Tag Archives: Beef

Flank Steak Sandwiches with All the Right Fixings

24 Aug

Sometimes you just need a good meat fix.

Flank Steak Sandwiches on Ciabatta


1 1/2 lbs flank steak

ciabatta or similar crusty bread, sliced

sharp white cheddar, sliced roughly

handful of baby arugula

handful of mushrooms

red onion, thinly sliced

1 tablespoon sugar

olive oil

balsamic vinegar

handful mixed herbs (parsley, thyme, rosemary), chopped

2-3 cloves garlic, minced

salt and pepper


Wrap bread in foil and place into a warm oven to heat while you prepare the rest. Start with the mushrooms. Wipe any dirt off them and slice thinly.  Sauté with 1 clove minced garlic in olive oil on medium-high heat. Put them aside onto a plate with a couple paper towels to soak up any extra oil.  In the same pan, sauté the onions.  (add some fresh olive oil if necessary) After about 1 minute, add the sugar to the onions then continue to cook.  This will brown and caramelize the onions for a sweet contrast to the salty-savory-spicy bits of the sandwich.

Next, prepare the steak.  Pound it down if it is now evenly sliced, then generously rub in the herbs, garlic, salt and pepper.  Pour a bit of olive oil and balsamic over the top.  If you have a grill available, by all means, use that! Otherwise, set your broiler to its highest setting and cook (briefly!) on each side.  For medium-rare, sear about 3 minutes on each side.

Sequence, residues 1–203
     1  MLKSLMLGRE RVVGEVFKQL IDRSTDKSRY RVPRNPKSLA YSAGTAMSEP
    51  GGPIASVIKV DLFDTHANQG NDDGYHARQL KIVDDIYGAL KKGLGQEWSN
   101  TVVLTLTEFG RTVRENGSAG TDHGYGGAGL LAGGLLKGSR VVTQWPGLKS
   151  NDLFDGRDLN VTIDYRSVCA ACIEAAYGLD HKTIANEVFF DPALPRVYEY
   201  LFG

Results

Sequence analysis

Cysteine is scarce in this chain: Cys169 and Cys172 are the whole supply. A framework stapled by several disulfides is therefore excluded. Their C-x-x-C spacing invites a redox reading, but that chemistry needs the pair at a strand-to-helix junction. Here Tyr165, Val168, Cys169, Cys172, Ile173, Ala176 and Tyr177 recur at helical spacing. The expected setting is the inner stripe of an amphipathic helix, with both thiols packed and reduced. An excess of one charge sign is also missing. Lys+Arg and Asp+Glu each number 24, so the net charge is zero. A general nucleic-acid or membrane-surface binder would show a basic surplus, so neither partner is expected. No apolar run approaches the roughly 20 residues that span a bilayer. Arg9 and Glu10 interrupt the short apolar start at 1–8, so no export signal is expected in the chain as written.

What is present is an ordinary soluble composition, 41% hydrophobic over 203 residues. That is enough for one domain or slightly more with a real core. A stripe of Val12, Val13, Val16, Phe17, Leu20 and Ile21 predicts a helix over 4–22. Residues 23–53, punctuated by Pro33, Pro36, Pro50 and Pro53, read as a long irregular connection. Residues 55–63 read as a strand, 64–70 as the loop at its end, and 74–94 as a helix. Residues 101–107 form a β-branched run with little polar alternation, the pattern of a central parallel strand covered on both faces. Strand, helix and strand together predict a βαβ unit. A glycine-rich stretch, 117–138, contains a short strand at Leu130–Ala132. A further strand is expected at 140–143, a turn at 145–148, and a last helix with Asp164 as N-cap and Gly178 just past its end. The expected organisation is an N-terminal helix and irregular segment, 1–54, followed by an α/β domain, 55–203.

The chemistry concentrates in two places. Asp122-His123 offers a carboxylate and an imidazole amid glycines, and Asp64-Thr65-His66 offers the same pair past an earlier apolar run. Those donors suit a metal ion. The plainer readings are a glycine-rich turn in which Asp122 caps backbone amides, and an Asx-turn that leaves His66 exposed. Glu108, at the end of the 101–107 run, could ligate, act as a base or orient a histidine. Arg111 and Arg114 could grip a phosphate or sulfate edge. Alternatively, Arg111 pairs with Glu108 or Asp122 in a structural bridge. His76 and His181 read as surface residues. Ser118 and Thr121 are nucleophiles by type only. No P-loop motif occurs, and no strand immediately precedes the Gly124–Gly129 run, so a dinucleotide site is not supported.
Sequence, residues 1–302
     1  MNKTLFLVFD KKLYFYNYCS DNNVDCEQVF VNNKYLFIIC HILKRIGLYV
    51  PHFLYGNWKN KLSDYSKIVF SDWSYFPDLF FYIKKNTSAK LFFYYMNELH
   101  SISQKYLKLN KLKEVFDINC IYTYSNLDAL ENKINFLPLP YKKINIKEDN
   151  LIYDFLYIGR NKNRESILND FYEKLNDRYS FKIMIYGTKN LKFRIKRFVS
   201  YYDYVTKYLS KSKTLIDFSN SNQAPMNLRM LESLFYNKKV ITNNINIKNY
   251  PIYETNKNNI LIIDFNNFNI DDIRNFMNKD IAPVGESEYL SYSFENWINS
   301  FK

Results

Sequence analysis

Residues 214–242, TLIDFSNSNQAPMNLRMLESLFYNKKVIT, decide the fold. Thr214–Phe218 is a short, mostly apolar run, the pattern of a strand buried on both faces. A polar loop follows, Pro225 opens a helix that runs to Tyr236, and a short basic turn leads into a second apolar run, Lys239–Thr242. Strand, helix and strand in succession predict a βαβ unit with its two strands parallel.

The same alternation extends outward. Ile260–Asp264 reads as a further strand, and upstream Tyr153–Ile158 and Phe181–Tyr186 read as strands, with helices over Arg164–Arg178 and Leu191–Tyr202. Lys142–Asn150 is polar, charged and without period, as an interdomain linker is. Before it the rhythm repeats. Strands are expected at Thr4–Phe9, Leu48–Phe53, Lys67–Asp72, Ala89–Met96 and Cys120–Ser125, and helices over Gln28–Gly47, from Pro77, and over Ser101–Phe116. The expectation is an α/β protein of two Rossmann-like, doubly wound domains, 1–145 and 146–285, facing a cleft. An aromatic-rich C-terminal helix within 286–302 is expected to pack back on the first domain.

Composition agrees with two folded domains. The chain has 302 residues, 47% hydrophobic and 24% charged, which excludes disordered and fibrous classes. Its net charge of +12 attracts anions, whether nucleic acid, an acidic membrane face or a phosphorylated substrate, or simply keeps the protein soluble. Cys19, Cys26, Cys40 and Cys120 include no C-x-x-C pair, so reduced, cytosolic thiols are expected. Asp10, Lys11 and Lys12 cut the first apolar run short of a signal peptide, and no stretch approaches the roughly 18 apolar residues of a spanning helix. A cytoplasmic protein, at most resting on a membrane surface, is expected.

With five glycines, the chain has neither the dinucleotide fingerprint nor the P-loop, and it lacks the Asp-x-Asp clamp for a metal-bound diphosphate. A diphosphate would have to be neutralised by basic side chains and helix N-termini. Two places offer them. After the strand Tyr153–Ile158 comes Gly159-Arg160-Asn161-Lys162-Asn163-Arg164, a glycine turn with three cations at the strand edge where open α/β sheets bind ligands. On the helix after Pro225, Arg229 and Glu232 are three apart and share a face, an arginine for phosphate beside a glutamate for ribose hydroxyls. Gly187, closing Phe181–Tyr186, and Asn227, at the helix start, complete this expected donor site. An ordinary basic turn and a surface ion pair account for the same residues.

Finally, put the sandwiches together! The bread will be warm and crusty, so smear it with some fresh horseradish, and stack up the cheddar, arugula, steak, mushrooms, and caramelized onions.  So, so good. And the leftovers are the best!


Flank Steak with Artichoke Hash and Aleppo Pepper Aioli

1 Jul

It’s pretty rare that I cook steak.  I generally would prefer to eat fish or poultry over red meat, and to be honest, its not my specialty.  I always end up with a smoky apartment and overcooked meat.

But practice makes perfect.  And when I discovered this recipe, I decided that it was time to practice.  And how could I resist anything that uses artichokes at this time of year? The globe artichokes piled up 2 feet high are enormous, round, and so perfectly green that they look like they could be plastic. And it doesn’t hurt that they are 5 for $5…

In hopes of not having a heart attack when I’m 50 (not to be a debbie-downer) and for the purpose of feeding the carb-phobic people closest to me, I served the aioli on the side and  eliminated the potatoes.

It was a success!! This is a great comfy meal with an kick of spice and very season-friendly.  My steak came out perfectly savory on the outside, and cooked just to a medium-rare pink.

Flank Steak with Artichoke Hash and Aleppo Pepper Aioli

Adapted from Bon Appétit